Mass spectrometric detection was carried out on an Agilent 6520 Q-TOF-MS/MS (Agilent Technologies, Santa Clara, CA, USA) equipped with electrospray ionization source operated. The scan range for MS acquisition was from 100 to 2200 m/z in negative ionization mode. The parameters of ion source were set as follows: drying gas, N2; flow rate, 4.0 mL/min; drying gas temperature, 350 oC; nebulizer, 30 psig; capillary voltage, 3500 V; fragmentor, 350 V; cone voltages, 65 V. Data analysis was performed by Mass Hunter Qualitative (MHQ) software, version B.03.01 (Agilent Technologies, Santa Clara, CA, USA).
13 C NMR analysis
The biotransformed products were isolated using a Waters prep-HPLC system (Waters, USA) with a Waters Sunfire Prep C18 OBD™ column (19 mm×50 mm, 5 μm). Isocratic elution was performed at room temperature using a mixture of H2O/ACN (56:44, v/v) for product 1, H2O/ACN (48:52, v/v) for product 2, H2O/ACN (54:46, v/v) for product 3 and H2O/ACN (54:46, v/v) for product 4, respectively. The flow rate was 15 mL/min, and the UV detection was at 203 nm. The injection volume was set at 200 µL. The purity of the products were evaluated by HPLC in an Agilent 1200 series HPLC system (Agilent Technologies, USA). The separation conditions were the same as that used in the HPLC analysis. The 13 C NMR spectra of the purified products were recorded on a Bruker AVIII 600 MHz spectrometer at an operating frequency of 151 MHz (Bruker BioSpin, Germany).
Sequence analysis of BcelFp from F. pennivorans DSM9078
The endoglucanase gene BcelFp consisted of 969 bp encoding 323 amino acids with a theoretical molecular mass of 37.89 kDa and a theoretical pI value of 5.43. The amino acid sequence of BcelFp (Genbank No. AFG35892.1) exhibited the highest similarity with GH 5 proteins from Fervidobacterium islandicum (85.7% identity, Genbank No. WP_052107242.1 ) and Fervidobacterium changbaicum (85.7% identity, Genbank No. WP_090223359.1). These proteins have not yet been characterized. The nearest characterized glycoside hydrolase (76% identity, GenBank No. WP_011994708.1) in the CAZy database was cellulase FnCel5A from Fervidobacterium nodosum. The BcelFp and FnCel5A were both from thermophilic bacteriums belonging to genus Fervidobacterium. FnCel5A was the first cellulase of the genus Fervidobacterium that had been cloned and expressed (Wang et al. 2010). The alignment of BcelFp with several characterized glycoside hydrolases from GH5 indicated that these proteins shared some conserved peptide motifs, namely NEP (residues 143–145), HYY (residues 203–205) and GEFG (residues 259–262) (Fig. 2). The Glu144 and Glu260 residues were typical catalytic residues of the GH5 enzymes, which confirmed that BcelFp belonged to GH5 family (Aspeborg et al. 2012).
In order to gain a better understanding of the evolutionary position of BcelFp in glycoside hydrolase family 5, we constructed the phylogenetic tree using the neighbor-joining method in the MEGA4 program with bootstrap values based on 1,000 replications. The resulting consensus tree is presented in Fig. 3. BcelFp from Fervidobacterium pennivorans DSM9078 clustered within subfamily 25 and formed a separate, well-supported clade with cellulase from Acetivibrio thermocellus and endoglucanase (FnCel5A) from Fervidobacterium nodosum Rt17-B1.
Expression, purification and characterization of the endoglucanase BcelFp
The putative endoglucanase gene from F. pennivorans DSM9078 was cloned and expressed in Escherichia coli under the control of the IPTG-inducible promoter T7. After being induced under 16 oC for 12 h with 1 mM IPTG, the recombinant enzyme was solubly overexpressed in E.coli cells. The recombinant BcelFp was purified by His-trap affinity chromatography with a final purification of 2.3-fold and a specific activity of 297 U/mg for CMC. The expressed enzyme was determined as a single band by SDS-PAGE, with a molecular mass of approximately 38 kDa (See Additional file 1: Fig. S1), which was almost consistent with the molecular weight of 37,892 Da calculated from 323 amino acids.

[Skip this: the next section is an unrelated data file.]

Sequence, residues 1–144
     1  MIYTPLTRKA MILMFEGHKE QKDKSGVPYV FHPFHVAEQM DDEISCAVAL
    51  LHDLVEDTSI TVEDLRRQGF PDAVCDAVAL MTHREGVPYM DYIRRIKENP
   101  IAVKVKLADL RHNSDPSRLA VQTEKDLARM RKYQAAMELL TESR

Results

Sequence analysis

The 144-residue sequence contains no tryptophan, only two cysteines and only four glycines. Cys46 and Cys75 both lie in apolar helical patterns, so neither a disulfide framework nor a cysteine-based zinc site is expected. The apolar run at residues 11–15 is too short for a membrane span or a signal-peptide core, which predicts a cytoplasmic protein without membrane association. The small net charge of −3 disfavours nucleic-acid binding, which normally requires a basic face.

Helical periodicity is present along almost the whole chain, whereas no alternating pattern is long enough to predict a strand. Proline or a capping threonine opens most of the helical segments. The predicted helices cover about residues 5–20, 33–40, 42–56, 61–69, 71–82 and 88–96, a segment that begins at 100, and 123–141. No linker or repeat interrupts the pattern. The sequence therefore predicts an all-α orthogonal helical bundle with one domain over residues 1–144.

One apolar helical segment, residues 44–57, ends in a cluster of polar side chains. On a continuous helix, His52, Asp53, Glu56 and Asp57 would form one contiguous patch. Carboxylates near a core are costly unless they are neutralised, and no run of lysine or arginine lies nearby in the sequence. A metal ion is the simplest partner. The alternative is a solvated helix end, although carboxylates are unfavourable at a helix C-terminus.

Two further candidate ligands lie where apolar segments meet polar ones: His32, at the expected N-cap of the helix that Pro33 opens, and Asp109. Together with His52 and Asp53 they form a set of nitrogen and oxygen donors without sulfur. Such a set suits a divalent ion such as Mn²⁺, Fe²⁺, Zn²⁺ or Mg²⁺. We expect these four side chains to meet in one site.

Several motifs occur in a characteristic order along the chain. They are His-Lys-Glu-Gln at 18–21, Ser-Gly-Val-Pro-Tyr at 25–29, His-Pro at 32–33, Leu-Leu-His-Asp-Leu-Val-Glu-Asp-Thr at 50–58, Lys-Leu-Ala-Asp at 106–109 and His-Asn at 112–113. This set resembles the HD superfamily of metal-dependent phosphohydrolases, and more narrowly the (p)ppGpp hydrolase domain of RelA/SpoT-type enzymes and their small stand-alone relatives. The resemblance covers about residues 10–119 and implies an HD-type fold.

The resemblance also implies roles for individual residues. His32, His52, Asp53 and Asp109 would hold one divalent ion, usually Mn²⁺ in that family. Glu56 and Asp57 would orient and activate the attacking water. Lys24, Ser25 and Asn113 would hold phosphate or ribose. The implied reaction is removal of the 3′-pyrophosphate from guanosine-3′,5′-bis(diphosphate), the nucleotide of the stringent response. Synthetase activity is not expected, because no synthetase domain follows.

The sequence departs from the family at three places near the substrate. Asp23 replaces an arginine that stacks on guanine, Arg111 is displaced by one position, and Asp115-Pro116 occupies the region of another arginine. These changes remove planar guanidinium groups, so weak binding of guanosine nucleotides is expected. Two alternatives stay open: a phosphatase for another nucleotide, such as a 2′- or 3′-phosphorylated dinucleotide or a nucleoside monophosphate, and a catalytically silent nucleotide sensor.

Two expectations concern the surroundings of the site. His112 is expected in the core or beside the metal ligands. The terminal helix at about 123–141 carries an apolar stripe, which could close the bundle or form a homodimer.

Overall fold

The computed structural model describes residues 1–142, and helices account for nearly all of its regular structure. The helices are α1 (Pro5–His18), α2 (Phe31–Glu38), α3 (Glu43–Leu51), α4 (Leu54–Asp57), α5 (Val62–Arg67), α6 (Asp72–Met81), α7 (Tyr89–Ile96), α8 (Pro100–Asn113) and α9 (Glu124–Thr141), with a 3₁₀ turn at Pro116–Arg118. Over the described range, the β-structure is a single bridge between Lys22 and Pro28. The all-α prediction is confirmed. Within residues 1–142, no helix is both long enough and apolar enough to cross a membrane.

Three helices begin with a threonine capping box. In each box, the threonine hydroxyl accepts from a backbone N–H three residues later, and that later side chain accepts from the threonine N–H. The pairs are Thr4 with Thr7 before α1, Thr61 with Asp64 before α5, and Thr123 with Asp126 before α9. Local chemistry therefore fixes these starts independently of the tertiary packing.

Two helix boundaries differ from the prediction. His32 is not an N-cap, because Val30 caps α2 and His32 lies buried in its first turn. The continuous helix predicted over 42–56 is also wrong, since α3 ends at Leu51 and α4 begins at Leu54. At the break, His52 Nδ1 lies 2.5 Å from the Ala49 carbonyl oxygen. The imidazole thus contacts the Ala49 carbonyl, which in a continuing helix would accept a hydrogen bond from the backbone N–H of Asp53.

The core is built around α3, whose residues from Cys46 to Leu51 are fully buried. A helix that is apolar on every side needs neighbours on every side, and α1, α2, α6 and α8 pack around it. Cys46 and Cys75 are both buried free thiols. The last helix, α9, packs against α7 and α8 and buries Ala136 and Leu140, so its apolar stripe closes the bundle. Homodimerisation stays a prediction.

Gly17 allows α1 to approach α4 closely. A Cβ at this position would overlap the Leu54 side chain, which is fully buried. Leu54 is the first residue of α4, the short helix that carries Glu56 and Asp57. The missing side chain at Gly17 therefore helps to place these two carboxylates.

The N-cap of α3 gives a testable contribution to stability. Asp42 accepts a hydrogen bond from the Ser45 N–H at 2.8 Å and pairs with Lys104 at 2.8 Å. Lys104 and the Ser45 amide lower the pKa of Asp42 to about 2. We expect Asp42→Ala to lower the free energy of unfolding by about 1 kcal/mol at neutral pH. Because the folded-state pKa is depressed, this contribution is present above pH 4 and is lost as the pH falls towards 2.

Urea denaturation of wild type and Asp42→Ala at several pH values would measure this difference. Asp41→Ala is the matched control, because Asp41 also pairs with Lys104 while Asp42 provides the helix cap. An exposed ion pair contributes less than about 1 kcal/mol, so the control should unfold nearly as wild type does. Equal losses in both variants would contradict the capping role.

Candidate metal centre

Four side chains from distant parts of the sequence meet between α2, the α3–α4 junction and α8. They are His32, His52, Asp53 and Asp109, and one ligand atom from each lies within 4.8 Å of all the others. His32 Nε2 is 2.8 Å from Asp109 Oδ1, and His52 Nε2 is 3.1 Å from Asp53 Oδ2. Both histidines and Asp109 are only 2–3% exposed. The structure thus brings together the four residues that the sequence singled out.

The optimum pH and temperature of the purified BcelFp were determined using CMC as the substrate. The maximum activity was observed at pH 6.0, and the activity was higher than 50% of the maximum activity in the range of pH 4.0 to 6.5. While from pH 6.5, the enzyme activity decreased swiftly, representing that the enzyme was active over narrow acid pH range (Fig. 4 A). After being incubated at various pHs (pH 4.0, pH 5.0, pH 6.0 and pH 7.0) for 1 h, more than 90% of enzyme activity remained at acid pHs, while 70% of enzyme activity remained at pH 7.0, indicating that BcelFp was more stable at acid pHs (Fig. 4B). The optimal temperature for BcelFp activity was 95 oC, while it also displayed high activity between 60 and 100 oC (Fig. 4 C). Hence, the BcelFp was thermophilic enzyme.
The effect of temperature on enzyme stability was investigated using CMC as the substrate. As seen in Fig. 4D, the enzyme was incubated for various lengths of time at 85, 90 and 95 oC at pH 6.0 and then the residual activities were measured. The enzyme was very stable at high temperature, and its half-lives at 85, 90 and 95 oC were 60, 25, and 10 h, respectively. When DSC analysis was performed to determine the thermal transition mid-point (Tm) of BcelFp, it was 96 oC (Fig. 4E).
The effects of metal ions, and EDTA on BcelFp activity were also investigated (Table 1). Na+ and Mn2+ were able to significantly increase enzyme activity under the high concentration of 10 mM. Moreover, Fe3+, Co2+, Zn2+ were able to inhibit enzyme activity under concentrations of 5 mM and 10 mM. No significant effect was observed in the presence of Ca2+, NH4+, Ba2+, and K+ under the high concentration of 10 mM. The chelating agent EDTA did not inhibit the activity, which indicated that BcelFp was not metalloprotein.